On the occasion of 8 April – International Roma Day, the Centre for Civic Education (CCE) takes the opportunity to point out to the extremely difficult position of the Roma community in Montenegro, especially during coronavirus pandemic, which further aggravates the existential frame of the Roma population. On the other hand, widespread discrimination and marginalization make this social group particularly vulnerable.
The CCE reminds that since the coronavirus outbreak, gross violations of human rights and freedoms have been recorded. Also, crisis management caused by the pandemic, both by the former and the current government, did not consider specifics of certain social groups, which further jeopardized already marginalized groups, including the Roma population.
Although there are numerous strategies, action plans, affirmative action measures, a legal framework for protection against discrimination and efforts of educational authorities to make education more accessible for Roma, this minority group is still not integrated into Montenegrin society. The reason for that is also inadequate or uneven implementation of many existing legal norms, short-term assistance programmes without developed sustainability, but also insufficient consultations with the target group and ignorance of many of their needs.
As a reminder, the CCE research on the perception of discrimination indicated that this group remains at the top of the scale of those who are most exposed to discrimination in our society. To date, the new government and the Ministry of Justice, Human and Minority Rights have not publicly raised the issue of resolving this problem in direction of encouragement of social inclusion of this minority group and improvement of their living conditions. Four months have passed since the establishment of the Directorate for Promotion and Prevention of Human Rights and Freedoms as well as the Department for Promotion and Protection of the Rights of Roma and Egyptians within it, and to date there has been no concrete activity related to resolving the situation of Roma and Egyptians. At the same time, apart from the problems faced by all citizens, this population has specific ones, such as juvenile marriages among the Roma population which is followed by the silence of the institutions that should prevent this kind of mass violation of a children’s right, primarily young girls. Also, there is huge unemployment among the Roma population, minimal improvements in the field of education, widespread begging, problems in obtaining documents, as well as very poor living conditions.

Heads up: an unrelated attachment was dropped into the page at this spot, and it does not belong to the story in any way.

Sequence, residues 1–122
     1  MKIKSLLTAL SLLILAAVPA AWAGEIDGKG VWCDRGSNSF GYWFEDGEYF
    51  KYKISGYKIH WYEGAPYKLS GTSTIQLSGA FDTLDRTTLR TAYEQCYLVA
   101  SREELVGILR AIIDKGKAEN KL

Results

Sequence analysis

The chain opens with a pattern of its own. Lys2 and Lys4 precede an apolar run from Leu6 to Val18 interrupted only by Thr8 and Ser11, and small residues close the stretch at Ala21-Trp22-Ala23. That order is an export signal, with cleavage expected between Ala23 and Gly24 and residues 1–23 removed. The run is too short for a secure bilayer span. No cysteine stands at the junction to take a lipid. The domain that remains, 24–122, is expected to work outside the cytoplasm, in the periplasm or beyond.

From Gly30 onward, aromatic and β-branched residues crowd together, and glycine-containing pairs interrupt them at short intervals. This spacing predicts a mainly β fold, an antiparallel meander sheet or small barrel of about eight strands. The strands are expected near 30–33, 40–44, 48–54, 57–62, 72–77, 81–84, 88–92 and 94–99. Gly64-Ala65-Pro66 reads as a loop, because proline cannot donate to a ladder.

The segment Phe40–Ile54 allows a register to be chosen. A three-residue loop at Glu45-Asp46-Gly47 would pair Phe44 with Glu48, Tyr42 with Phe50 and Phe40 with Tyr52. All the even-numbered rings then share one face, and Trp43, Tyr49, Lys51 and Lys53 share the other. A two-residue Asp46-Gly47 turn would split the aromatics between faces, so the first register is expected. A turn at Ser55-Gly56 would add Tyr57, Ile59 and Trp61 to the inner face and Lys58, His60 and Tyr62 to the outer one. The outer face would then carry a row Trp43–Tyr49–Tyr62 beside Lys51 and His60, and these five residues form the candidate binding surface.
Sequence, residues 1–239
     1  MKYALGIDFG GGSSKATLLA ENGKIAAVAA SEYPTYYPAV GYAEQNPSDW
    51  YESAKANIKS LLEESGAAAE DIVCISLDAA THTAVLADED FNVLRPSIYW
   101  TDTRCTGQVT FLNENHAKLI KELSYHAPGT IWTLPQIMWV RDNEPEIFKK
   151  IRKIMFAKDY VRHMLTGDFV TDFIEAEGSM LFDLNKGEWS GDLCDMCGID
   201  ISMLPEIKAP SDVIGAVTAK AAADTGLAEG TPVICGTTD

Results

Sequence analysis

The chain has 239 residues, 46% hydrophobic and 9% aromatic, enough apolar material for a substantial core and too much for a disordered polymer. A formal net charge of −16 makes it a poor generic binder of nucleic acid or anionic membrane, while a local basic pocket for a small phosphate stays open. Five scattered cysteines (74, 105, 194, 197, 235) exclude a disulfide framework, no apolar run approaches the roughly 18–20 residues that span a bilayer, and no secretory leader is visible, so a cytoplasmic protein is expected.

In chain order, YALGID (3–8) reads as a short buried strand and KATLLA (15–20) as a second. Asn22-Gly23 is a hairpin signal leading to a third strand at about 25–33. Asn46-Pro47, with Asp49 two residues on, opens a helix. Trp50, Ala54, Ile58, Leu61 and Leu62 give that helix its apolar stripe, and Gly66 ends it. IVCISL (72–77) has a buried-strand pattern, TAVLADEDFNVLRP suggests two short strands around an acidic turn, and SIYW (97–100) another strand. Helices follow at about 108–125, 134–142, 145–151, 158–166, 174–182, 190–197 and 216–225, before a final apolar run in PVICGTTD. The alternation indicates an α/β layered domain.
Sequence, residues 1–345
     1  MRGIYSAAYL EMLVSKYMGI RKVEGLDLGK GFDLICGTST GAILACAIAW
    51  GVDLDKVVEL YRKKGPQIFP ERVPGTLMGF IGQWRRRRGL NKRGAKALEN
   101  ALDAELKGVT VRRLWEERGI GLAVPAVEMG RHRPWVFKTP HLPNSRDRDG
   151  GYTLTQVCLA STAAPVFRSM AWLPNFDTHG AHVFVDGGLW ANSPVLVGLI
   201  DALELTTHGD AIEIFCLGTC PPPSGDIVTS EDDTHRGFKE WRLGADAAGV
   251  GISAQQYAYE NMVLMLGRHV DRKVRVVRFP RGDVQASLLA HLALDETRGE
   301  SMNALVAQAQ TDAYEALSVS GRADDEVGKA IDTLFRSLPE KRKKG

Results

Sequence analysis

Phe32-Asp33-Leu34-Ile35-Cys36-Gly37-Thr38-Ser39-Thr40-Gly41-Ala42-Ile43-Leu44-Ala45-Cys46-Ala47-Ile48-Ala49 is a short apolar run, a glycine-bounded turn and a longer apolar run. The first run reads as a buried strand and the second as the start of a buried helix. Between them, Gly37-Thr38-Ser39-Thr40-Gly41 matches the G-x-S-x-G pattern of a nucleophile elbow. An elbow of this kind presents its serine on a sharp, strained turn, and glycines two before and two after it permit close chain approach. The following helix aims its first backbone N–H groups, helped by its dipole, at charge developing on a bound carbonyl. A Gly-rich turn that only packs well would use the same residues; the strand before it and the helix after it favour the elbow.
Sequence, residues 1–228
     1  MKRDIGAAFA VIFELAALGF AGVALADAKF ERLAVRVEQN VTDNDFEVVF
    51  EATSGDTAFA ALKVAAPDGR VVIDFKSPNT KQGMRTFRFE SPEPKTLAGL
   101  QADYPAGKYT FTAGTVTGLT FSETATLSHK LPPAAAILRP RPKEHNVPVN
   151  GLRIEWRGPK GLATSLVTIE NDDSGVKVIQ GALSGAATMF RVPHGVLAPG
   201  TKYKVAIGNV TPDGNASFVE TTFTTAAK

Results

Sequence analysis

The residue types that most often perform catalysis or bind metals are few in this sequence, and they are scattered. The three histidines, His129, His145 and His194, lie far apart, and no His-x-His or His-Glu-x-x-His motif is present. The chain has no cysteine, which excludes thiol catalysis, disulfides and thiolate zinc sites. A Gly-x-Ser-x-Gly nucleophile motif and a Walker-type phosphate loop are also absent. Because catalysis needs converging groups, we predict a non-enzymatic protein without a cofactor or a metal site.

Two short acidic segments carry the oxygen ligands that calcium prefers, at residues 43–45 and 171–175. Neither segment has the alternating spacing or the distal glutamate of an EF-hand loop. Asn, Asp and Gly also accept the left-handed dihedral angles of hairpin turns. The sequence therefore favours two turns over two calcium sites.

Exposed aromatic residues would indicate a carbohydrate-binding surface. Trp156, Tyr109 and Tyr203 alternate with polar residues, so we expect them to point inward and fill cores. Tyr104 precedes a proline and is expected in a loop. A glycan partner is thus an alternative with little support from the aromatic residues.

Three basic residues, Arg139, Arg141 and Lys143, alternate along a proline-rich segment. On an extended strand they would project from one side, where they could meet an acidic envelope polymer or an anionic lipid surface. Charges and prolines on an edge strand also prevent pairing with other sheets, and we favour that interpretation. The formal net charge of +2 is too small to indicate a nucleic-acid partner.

The CCE points out that ethnic and social distance, both among the general and the youth population is expressed the most right towards the Roma. One of the causes for that is often a negative manner of media reporting about the Roma. There are rare occasions in which we can see or read contents dedicated to the promotion of the Roma culture, advocating for effective social inclusion policies and their efficient implementation, or some positive stories about the Roma. Numerous prejudices towards the Roma and the Egyptians strongly marginalize them and contribute to their social exclusion, thus depriving the whole society of valuable potentials they have and which can contribute to the overall quality of social development.
Therefore, the CCE appeals to the institutions, especially to the Ministry of Justice, Human and Minority Rights, as well as to the decision-makers and other relevant actors, to encourage the fight against poverty and social exclusion of this population through their inclusion and cooperation.
Tamara Milaš, Human rights Programme coordinator